To Lewis’ mind, the push to use the ocean for ecological fixes may be necessary, given current climate woes. But the speed with which aquaculture leases are increasing is “starting to get out of control,” he said.
He points to the marked increase in what are called limited purpose aquaculture licenses (LPAs), which are for plots measuring only 400 square feet. The current acting director of DMR’s aquaculture division, Marcy Nelson, said that LPAs are reviewed by her staff and that landowners within 300 feet of a proposed LPA are given the opportunity to comment on them.
But according to Lewis, criteria for LPAs are less stringent than for standard leases, there is no published public notice for them, and if an LPA is just an extra foot away from shore, “the communication link between the town and the public fails to occur,” he wrote in an email.
LPAs are indeed proliferating, with 722 currently active (there were 450 in 2015). “The best way to describe these LPAs is sprawl,” wrote Lewis. “Other [ocean] users have been surprised when they suddenly pop up in the water.”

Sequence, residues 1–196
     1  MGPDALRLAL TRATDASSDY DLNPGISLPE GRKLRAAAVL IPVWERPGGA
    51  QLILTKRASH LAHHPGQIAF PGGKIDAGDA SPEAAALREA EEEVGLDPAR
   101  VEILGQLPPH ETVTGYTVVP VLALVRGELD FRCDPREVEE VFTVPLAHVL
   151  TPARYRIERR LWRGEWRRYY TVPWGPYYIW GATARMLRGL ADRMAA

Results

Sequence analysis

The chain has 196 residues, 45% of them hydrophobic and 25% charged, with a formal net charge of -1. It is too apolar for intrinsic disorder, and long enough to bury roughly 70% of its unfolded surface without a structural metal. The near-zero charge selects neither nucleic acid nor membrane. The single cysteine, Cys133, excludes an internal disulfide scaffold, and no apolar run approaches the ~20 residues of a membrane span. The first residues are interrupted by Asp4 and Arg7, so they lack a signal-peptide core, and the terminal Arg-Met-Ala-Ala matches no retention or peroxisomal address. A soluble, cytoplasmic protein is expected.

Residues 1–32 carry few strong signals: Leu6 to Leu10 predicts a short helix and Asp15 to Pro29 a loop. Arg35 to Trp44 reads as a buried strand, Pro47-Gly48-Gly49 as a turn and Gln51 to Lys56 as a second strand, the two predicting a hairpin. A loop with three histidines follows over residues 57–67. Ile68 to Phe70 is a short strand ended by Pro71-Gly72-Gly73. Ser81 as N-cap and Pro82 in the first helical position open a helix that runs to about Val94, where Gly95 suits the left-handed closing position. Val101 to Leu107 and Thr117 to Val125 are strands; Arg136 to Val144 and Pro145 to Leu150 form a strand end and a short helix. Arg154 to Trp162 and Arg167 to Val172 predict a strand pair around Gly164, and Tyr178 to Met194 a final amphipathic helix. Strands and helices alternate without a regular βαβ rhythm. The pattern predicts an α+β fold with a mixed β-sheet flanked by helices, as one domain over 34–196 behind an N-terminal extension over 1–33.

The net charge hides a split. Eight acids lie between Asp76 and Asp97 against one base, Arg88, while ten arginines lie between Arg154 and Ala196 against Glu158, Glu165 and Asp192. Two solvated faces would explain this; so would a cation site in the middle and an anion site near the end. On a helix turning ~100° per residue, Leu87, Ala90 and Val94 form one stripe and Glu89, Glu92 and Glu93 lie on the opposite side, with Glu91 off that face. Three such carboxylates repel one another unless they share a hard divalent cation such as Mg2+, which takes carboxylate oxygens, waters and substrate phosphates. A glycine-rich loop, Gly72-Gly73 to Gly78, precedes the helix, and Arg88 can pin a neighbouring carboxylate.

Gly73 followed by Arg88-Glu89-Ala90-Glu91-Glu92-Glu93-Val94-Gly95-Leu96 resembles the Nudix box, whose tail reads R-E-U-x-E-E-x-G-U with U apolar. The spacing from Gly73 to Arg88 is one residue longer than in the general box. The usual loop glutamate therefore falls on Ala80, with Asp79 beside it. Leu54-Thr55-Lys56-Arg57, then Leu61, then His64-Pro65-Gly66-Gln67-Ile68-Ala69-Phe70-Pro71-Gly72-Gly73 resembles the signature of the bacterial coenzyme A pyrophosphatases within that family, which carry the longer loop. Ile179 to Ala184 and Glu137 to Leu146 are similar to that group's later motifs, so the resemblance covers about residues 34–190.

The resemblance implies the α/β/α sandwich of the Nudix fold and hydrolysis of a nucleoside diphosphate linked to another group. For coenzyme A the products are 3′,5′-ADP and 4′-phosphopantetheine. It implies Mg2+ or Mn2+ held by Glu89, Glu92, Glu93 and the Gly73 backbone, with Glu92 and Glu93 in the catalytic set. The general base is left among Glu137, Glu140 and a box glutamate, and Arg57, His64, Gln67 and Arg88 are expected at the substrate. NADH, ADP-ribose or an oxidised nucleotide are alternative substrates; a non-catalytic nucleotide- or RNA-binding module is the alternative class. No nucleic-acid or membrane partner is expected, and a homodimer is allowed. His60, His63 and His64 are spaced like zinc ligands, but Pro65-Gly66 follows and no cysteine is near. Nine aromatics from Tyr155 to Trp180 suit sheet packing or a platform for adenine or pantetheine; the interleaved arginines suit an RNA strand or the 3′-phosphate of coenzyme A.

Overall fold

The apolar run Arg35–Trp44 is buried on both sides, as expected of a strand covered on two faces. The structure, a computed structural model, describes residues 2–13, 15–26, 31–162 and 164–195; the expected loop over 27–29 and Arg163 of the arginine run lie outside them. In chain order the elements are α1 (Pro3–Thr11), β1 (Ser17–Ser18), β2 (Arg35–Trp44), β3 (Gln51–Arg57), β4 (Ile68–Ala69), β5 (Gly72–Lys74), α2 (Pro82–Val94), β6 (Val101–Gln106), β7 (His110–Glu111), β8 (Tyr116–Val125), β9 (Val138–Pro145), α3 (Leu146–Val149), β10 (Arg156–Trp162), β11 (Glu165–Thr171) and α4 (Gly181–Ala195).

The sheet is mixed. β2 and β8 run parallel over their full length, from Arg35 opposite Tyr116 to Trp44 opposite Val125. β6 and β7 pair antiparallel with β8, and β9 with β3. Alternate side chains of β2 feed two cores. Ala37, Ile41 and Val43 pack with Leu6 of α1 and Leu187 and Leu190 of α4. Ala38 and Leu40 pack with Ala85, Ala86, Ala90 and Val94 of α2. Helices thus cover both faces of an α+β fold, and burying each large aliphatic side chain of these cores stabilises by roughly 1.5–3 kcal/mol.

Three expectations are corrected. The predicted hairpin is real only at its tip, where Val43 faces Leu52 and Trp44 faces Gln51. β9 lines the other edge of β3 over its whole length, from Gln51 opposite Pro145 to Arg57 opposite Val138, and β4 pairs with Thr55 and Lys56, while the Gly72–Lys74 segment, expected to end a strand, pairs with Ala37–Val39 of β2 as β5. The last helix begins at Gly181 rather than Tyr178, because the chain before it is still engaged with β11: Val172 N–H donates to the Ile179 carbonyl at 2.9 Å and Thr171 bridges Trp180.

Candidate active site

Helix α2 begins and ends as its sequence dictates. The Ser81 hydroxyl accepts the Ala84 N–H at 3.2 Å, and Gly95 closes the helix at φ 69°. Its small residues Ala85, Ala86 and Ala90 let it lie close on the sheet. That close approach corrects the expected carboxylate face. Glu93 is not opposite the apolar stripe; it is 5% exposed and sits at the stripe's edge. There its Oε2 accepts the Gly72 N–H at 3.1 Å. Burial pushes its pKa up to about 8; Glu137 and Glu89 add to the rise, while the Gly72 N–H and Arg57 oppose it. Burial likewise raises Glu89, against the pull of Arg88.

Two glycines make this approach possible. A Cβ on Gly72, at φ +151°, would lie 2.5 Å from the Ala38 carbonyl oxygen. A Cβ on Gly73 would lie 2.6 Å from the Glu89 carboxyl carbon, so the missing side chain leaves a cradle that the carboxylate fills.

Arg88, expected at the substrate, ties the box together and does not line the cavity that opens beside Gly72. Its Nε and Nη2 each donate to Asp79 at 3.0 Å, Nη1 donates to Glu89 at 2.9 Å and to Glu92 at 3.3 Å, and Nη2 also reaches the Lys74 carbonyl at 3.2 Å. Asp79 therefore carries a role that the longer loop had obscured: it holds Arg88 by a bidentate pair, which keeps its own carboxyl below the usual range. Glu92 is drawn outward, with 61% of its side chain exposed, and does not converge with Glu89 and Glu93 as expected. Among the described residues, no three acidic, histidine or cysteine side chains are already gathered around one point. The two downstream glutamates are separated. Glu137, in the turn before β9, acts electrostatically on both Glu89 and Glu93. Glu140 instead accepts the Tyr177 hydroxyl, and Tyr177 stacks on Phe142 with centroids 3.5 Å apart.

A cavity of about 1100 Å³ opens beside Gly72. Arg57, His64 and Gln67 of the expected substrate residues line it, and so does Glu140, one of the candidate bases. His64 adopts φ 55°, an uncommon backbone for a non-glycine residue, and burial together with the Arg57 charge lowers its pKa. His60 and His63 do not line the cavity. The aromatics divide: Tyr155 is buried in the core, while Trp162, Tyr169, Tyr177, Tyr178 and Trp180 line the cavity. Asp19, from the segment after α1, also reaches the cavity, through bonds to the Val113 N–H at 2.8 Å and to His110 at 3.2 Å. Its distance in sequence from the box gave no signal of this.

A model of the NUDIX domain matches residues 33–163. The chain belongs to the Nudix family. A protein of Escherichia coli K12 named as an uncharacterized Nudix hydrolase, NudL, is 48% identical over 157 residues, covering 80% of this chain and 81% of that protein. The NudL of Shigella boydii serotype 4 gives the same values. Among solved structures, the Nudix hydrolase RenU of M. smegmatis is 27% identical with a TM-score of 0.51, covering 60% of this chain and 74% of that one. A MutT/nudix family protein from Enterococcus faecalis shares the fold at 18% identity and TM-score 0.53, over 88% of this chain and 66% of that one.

The lobstermen represented by PMFHF want their own fishing and aquaculture needs to be prioritized by the state. “Let’s talk about planning for the coast and how we’re going to do it,” said PMFHF executive director Crystal Canney, who said the lobstermen she represents, some of whom live in isolated locations with poor access to the internet, have been caught off-guard by some of the leasing changes.
There’s another issue among locals, according to Pat Burns, who started a cooperative in 2019 of (now) 10 oyster farmers who share two leases in Robinhood Cove. And that is fear of further industrial encroachment and consolidation.
“What’s to keep [our co-op] from cashing out and selling to a corporation?” he said. “Philosophically, we’re not in that court. But could someone do it? Yes.” Lewis wrote that “the public sees this as speculative, where the larger leases will be sold to the highest bidder.”
But he said there’s an actual danger of this happening, since standard leases can be transferred without a public hearing, which is another thorny topic in these parts.